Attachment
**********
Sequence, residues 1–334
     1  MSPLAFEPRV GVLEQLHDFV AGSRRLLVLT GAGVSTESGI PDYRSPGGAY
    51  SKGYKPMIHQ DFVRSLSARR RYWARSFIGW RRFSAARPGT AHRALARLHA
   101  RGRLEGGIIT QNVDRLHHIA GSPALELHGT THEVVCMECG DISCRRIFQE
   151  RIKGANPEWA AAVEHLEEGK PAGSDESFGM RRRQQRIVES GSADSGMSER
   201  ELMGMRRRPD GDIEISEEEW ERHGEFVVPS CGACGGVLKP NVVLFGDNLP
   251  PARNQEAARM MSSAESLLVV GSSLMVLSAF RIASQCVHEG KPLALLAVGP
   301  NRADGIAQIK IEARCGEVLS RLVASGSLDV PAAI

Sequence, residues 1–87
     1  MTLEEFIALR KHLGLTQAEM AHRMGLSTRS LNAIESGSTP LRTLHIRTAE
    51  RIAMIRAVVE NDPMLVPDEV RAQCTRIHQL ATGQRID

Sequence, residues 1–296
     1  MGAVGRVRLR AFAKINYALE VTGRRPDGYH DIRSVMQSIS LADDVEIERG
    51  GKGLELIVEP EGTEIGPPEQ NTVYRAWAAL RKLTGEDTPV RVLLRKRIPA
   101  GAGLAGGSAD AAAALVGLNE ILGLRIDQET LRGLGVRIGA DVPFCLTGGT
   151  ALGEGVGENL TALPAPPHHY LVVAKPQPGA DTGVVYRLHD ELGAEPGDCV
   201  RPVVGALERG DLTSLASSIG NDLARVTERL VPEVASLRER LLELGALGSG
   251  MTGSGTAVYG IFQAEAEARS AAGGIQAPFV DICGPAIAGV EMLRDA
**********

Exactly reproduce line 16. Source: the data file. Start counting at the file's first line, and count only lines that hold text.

   151  ALGEGVGENL TALPAPPHHY LVVAKPQPGA DTGVVYRLHD ELGAEPGDCV